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Showing posts from September, 2010

The Daguerreotype portrait: the aesthetics of the real

The notion of what we may call an “artless art” was applied at different times, and with different intentions, to photography and the Daguerreotype. The image produced “directly” by nature, bypassing the intervention of the hand of the artist, was the object of amazement at first, and praised for its astounding fidelity of detail: an “art form” therefore that “no painter could ever match”. 
The popularization of the daguerreotype as the 19th century progressed, brought about by technical improvements allowing for the mass production of images and specially, for the first time, the mass production of portraits, produced also as a counter-current, a kind of  “over familiarity” with the daguerreotype portrait. And with it, a relative weariness about the repetitious, the unstudied, the narrowly documentary and "vulgar" or commonplace qualities (issues only partially explained by inherent  limitations of the Daguerreotype technique for portraiture, such as exposure time requiremen…

Antoine-Jean-François Claudet: the daguerreotype and the art of portraiture

The Geography Lesson, 1851. Stereoscopic daguerreotype


Portrait of Fox Talbot by Claudet, c.1844
image source: British Library- Points of View

Born in Lyon, France, in 1797,  Antoine-Jean-Francois Claudet  settled in London in 1827. After a period as a successful  glass merchant, he learned the daguerreotype process from Daguerre himself. Claudet purchased the first Daguerreotype licence in England and established his own photographic studio on the roof of the Adelaide Gallery, behind St. Martin's church, London, from 1841 to 1851, later moved to 107 Regent Street.  He brought several technical improvements to the Daguerreotype process, including new sensitizing materials, exposure times and focal improvements, and is credit with the discovery that it was possible to develop prints under a red light, as well as the use of painted backdrops. He was appointed photographer to Queen Victoria in 1853.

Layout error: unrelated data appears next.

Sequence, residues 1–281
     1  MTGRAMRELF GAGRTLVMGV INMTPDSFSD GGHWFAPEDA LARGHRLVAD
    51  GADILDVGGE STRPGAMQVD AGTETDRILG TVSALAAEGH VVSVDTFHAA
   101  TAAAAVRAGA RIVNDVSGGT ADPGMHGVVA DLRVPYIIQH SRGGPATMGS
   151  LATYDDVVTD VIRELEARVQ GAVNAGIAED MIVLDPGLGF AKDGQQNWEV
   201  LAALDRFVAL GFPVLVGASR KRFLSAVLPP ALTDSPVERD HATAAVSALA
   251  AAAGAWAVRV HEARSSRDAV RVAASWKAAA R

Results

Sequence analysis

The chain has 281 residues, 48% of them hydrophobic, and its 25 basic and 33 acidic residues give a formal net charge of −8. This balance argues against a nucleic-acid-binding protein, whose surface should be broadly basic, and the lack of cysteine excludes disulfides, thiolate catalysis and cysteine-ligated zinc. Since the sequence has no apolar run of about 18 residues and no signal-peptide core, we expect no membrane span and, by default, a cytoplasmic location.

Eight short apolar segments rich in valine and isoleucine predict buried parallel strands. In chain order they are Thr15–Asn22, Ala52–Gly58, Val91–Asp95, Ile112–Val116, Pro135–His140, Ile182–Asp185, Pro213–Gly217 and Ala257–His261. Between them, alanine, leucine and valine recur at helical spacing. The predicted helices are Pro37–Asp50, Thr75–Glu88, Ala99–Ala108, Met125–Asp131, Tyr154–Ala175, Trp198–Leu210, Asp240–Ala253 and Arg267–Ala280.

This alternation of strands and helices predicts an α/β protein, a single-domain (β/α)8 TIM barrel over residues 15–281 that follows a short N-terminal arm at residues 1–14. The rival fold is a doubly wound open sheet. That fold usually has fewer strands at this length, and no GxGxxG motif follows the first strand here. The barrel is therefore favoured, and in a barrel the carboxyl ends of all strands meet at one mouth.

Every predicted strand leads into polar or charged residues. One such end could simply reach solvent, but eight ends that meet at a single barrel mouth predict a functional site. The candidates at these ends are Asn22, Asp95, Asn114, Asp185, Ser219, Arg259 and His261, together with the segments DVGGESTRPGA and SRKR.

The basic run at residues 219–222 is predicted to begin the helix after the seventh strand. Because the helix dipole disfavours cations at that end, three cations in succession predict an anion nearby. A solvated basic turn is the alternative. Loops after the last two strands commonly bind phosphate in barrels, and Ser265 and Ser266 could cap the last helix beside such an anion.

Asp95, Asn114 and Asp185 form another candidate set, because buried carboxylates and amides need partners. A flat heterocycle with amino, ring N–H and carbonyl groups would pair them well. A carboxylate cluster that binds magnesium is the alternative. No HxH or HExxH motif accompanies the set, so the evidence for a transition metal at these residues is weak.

MGL



Self-portrait with his son, 1853, stereograph daguerreotypesource: Getty.edu

The portrait machine before photography: the physionotrace

Le Comte de Yoldi
collection Veerle Van Goethem 
source: http://users.telenet.be/thomasweynants/precursors.html
Invented by Gilles-Louis Chrétien in 1784, the Physionotrace allowed the rapid production of a profile portrait by an artist. The result was engraved on copper and the portrait multiplied by printing. The physionotrace  was a mechanical apparatus that worked as a large pantograph. It represented one step in the process of democratization of portraiture: from the miniature, the silhouette and the camera lucida drawing to photography. By facilitating the reproduction of a likeness in  a relatively short time, and therefore reducing the artist's effort, and, as a consequence, the price of portraits, it can be considered as a precursor of the photographic portrait as a mass phenomenon. Indeed, portraiture in the 19th century, starting with the Daguerreotype and the Calotype, was one of the main elements in the diffusion and popularization of photography, both as a new artisti…